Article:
Man Who Fell in Love Research Proposal

  • Length: 5 pages
  • Sources: 1
  • Subject: Women's Issues - Sexuality
  • Type: Research Proposal
  • Paper: #70301127
  • Related Topics: Tough Guise, Love, Sonnets, Sexuality

Excerpt from Research Proposal :

It was not unusual for Shed to have this mix between his feminine and masculine sides. That is not negative or wrong. For example, in the article "How we find ourselves," Wilson (1996, p.303) relates that today this concept of shaman or two-spirit sided individual has been continued in the indigenous culture. "Many lesbian, gay, and bisexual Indigenous Americans use the term "two-spirit" to describe themselves...This term is drawn from a traditional worldview that affirms the inseparability of the experience of their sexuality from the experience of their culture and community." The interrelationship of sexual identity and ethnicity lends itself to the complexity of the process of developing one's identity. This growing acceptance of the use of the word two-spirit as a self-descriptor among lesbian, gay, and bisexual indigenous Americans stipulates a sexuality deeply rooted in one's own culture. Two-spirit identity supports the interconnection of all factors of identity, such as sexuality, gender, culture, community, and spirituality. "That is, the sexuality of two-spirit people cannot be considered as separate from the rest of an individual's identity" it was the same for Shed: His sexuality could not be separated from who he was as a person. It was a part of him.

However, this two-spirit concept was juxtaposed to the white-man or Mormon's belief that homosexuality was wrong. That people can and should make a differentiation between who they are as a person and what they are sexually and spiritually. Thus, by confronting the Native American ways and the sexuality of the women at the brothel, the settlers were not only breaking the sexual aspect of these people but their identity. They were stripping the non-Mormon believers of who they were as people. Spanbauer (1991) was focusing on the inhumane treatment of all Native Americans by the European arrivals and, more specifically, showing how their sexuality, and bisexual/gay identity' was being taken away. As the author has said, "Beneath our skin, our sexuality, our gender and how it does or doesn't fit, and our journey to make it fit, we're all bewildered human beings. We're all confused, none of us has any answers; anybody who says they have an answer is lying."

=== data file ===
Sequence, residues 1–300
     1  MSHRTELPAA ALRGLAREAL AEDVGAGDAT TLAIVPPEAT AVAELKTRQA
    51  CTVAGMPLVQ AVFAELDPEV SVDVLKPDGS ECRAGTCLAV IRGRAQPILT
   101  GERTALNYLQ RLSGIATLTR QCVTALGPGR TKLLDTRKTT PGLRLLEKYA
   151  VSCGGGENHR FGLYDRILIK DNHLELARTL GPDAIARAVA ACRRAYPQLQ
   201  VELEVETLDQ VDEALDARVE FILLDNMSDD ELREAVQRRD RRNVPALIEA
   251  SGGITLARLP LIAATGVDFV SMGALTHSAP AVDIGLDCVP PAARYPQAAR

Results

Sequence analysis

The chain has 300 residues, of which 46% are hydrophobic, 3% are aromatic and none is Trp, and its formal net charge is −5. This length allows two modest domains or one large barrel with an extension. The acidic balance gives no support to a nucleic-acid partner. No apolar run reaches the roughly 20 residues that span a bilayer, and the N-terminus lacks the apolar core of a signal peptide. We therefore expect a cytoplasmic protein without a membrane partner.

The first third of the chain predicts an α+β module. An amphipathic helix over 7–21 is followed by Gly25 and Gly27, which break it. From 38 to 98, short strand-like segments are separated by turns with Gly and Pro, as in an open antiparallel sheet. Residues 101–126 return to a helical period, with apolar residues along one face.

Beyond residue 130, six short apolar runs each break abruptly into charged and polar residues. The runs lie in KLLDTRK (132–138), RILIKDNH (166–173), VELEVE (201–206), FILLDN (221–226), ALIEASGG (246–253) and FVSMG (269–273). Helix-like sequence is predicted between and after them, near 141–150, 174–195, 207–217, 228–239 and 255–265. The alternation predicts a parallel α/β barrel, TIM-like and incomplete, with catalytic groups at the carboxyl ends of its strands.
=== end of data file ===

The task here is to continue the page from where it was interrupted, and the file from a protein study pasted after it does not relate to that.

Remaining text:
Spanbauer's (1991) book has been called one of the most important of the literature for gays and bisexuals and it has had a major impact on its readers, both straight and gay. This age is much more receptive to seeing other forms of sexuality than heterosexuality as a norm. This is seen by the states that are assessing the validity and passing same-sex marriages and by the emphasis of youths who are much more open to cross-sexual encounters. It is expected, therefore, that the coming decades will also see more authors such as Spanbauer writing about this population who, until now, have been mostly left out of modern Western literature.

References

Haines, C.R. (1919) the Correspondence of Marcus Cornelius Fronto,. New York G.P. Putnam

Mabillard, a. FAQ: Shakespeare's Life." Shakespeare Online. Retrieved December 12, 2008. (date when you accessed the information) http://www.shakespeare-online.com/theatres/theroyalpalaces.html

Norton, Rictor. (1998) My Dear Boy: Gay Love Letters through the Centuries San Francisco: Leyland Publications,

Plato, Gay, lesbian, bisexual, transgender and queer society Retrieved December 12, 2008 http://www.glbtq.com/literature/plato.html

Spanbauer, T. (1991) the Man Who Fell in Love with the Moon. New York: Morgan

Wilson, a. (1996) How we find ourselves: Identity development and two-spirit people

Harvard Educational Review.…

Sources Used in Document:

References

Haines, C.R. (1919) the Correspondence of Marcus Cornelius Fronto,. New York G.P. Putnam

Mabillard, a. FAQ: Shakespeare's Life." Shakespeare Online. Retrieved December 12, 2008. (date when you accessed the information) http://www.shakespeare-online.com/theatres/theroyalpalaces.html

Norton, Rictor. (1998) My Dear Boy: Gay Love Letters through the Centuries San Francisco: Leyland Publications,

Plato, Gay, lesbian, bisexual, transgender and queer society Retrieved December 12, 2008 http://www.glbtq.com/literature/plato.html

Cite This Research Proposal:

"Man Who Fell In Love" (2008, December 12) Retrieved January 27, 2020, from
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"Man Who Fell In Love", 12 December 2008, Accessed.27 January. 2020,
https://www.paperdue.com/essay/man-who-fell-in-love-25841